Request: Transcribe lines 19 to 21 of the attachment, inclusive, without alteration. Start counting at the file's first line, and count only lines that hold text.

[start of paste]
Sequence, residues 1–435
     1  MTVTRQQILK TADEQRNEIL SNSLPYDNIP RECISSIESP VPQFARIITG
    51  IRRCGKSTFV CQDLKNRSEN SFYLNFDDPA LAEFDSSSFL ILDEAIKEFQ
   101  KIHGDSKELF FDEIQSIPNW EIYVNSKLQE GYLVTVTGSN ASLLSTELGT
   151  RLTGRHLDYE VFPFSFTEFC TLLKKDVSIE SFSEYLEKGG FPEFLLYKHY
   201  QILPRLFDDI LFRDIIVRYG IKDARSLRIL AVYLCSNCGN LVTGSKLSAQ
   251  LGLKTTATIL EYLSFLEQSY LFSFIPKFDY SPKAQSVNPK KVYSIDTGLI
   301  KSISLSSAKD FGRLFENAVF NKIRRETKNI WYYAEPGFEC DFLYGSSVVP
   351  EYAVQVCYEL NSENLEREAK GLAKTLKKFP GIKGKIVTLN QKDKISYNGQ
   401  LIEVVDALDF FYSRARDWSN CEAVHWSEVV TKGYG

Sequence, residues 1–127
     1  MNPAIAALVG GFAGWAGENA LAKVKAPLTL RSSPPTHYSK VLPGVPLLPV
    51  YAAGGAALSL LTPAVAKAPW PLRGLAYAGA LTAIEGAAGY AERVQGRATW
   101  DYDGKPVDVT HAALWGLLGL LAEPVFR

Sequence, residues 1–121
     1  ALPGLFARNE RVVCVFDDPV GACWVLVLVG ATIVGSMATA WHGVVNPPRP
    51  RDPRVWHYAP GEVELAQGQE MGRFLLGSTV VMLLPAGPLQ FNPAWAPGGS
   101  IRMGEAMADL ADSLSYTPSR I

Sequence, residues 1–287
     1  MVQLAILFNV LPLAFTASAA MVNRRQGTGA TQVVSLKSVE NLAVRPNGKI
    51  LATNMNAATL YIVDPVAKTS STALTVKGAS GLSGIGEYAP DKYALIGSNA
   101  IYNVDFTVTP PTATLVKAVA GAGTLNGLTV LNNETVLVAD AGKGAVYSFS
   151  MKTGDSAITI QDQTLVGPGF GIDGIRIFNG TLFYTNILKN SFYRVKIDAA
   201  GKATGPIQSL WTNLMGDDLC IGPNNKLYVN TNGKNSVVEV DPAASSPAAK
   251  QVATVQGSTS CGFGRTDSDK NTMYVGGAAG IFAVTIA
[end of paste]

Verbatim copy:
Sequence, residues 1–287
     1  MVQLAILFNV LPLAFTASAA MVNRRQGTGA TQVVSLKSVE NLAVRPNGKI
    51  LATNMNAATL YIVDPVAKTS STALTVKGAS GLSGIGEYAP DKYALIGSNA